Jeff Steinfeld is Professor of Chemistry at the Massachusetts Institute of Technology. He received a B.S. in Chemistry at M.I.T. in 1962, and Ph.D. in physical chemistry (with Prof. William Klemperer, Harvard University) in 1965. Following a year as N.S.F. Postdoctoral Fellow with the late Sir George Porter at the University of Sheffield (U.K.), Prof. Steinfeld joined the M.I.T. Chemistry Department in 1966.
Research specialties include molecular spectroscopy, molecular energy transfer, and laser applications to chemistry, including optical methods for remote sensing and atmospheric monitoring. Present research and teaching emphasis is on atmospheric chemistry and introducing concepts of sustainability and environmental responsibility, including energy related topics, across the curriculum. Current and recent activities in this area include serving as Director of the Education Program in the Laboratory for Energy and the Environment at M.I.T., as member [1997 -- date] and Chair [1999 -- 2002] of the American Chemical Society's Committee on Environmental Improvement, and as member of the National Research Council Committee on Chemical Demilitarization. Dr. Steinfeld received the 1999 ACS Director's Award for Advancing ACS Public Policy in Environment, for work to encourage the use of sound science in global climate change policy.
James D. (“Jim”) McMillan is the group manager for Biorefining Process R&D and a senior biochemical engineer in the National Renewable Energy Laboratory’s Bioenergy Center, where he leads and guides efforts to advance biochemical- and thermochemical-based lignocellulose biorefining technologies. His is the co-inventor on two patents, co-recipient of two R&D 100 awards, and author or co-author of six book chapters and more than 60 technical papers and reports and over 100 posters and presentations. He currently co-chairs the annual Symposium on Biotechnology for Fuels and Chemicals and has co-edited the past six Symposia proceedings volumes. A reviewer for several journals and funding agencies, Jim is a member of both the American Chemical Society and the American Institute of Chemical Engineers (AIChE). He is particularly active in AIChE, chairing and co-chairing many AIChE sessions. He is a former elected director in AIChE’s Food, Pharmaceutical, and Bioengineering Division, and chaired for its first four years an AICHE topical conference entitled, “Envisioning Biorefineries: Chemicals and Materials from Renewable Resources.” Serving on many doctoral students’ theses committees, Jim is or has been an adjunct faculty member in the Colorado State University, University of Colorado, and University of Puerto Rico chemical engineering departments. He obtained his B.S. in chemical engineering with high distinction from Colorado State University, and his M.S. in chemical engineering practice and Ph.D. in biochemical engineering from the Massachusetts Institute of Technology.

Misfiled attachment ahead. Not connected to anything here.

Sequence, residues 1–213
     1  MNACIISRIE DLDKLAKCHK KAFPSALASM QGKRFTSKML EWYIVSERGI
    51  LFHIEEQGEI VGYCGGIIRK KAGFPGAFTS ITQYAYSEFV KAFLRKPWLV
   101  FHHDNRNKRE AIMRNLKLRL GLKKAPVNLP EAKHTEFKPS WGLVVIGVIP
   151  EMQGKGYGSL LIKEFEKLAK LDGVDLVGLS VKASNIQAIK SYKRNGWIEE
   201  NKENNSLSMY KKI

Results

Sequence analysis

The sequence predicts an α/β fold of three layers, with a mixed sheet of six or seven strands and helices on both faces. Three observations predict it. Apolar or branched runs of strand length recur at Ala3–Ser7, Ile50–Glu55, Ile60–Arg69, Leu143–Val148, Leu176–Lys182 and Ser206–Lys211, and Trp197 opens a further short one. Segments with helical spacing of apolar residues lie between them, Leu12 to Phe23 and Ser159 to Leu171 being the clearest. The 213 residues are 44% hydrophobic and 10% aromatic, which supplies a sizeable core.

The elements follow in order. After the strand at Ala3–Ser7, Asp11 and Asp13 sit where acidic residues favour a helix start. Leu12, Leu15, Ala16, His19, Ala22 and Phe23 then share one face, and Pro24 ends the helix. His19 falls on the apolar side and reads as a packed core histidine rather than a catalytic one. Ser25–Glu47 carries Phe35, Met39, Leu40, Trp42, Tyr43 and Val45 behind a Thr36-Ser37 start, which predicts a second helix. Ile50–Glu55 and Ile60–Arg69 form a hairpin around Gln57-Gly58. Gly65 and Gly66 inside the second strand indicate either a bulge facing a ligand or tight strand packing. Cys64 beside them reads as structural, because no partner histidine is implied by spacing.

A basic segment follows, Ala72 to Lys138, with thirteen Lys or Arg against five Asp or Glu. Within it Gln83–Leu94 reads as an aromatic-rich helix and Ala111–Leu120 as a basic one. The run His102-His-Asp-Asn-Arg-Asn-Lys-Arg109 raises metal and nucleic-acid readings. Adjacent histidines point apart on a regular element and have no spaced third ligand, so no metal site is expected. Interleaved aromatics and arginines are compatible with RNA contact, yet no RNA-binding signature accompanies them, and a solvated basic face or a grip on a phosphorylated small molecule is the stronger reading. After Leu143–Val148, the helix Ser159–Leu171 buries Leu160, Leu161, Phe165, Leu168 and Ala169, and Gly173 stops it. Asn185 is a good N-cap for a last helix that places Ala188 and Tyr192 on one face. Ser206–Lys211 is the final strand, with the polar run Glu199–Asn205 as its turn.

Professor Mahajan holds one of the only five joint appointments between Brookhaven National Laboratory and SUNY at Stony Brook. Dr. Mahajan’s professional goal is to bridge science and technology for the benefit of mankind. To achieve this goal, his research interests focus on Energy issues that includes a portfolio of projects on Methane hydrates, H2 production, Fuel Cells, Fischer-Tropsch, Methanol, and mixed alcohol synthesis using soluble (single-site) or slurried (nano heterogeneous or colloidal phase) based catalysts. Scientifically, his work in the synthesis of clean fuels is internationally recognized. He has organized symposia and international workshops on issues such as Clean Fuels, Methane Hydrates, and Biomass and serves as a Guest Editor of two recent special volumes: Topics In Catalysis and Journal of Petroleum Science & Engineering. He has served as a consultant to several companies and lectures on clean energy topics nationally and internationally. He is the author of over 70 publications including book chapters and encyclopedia articles, 10 patents, and presented 37 invited lectures and over 66 lectures at various conferences around the globe. His work is constantly covered through several press releases. He serves on several national and international energy-related committees. In March 2006, he was recognized with a membership to the prestigious Russian Academy of Natural Sciences (RANS)-US Section and is a recipient of the RANS Crown and Eagle Medal of Honor for service to the field of “Petroleum Engineering”.
In the administrative capacity, he was instrumental in setting up the Chemical & Molecular Engineering (CME) program in the College of Engineering and Applied Science (CEAS) at Stony Brook in 2004. He also helped develop a Certificate Course in Homeland Security Science & Technology at Stony Brook in 2005. He manages personnel, projects, and budgets in various capacities. He is a member of the ABET committee within CEAS.
Professor Mahajan’s vision is to set up a regional Energy Center in collaboration with various New York State institutions and industry. As a Professor at Stony Brook, his priority is to further integrate education and research at both undergraduate and graduate level, foster collaboration within the university with a goal to train students in the next-generation energy technologies.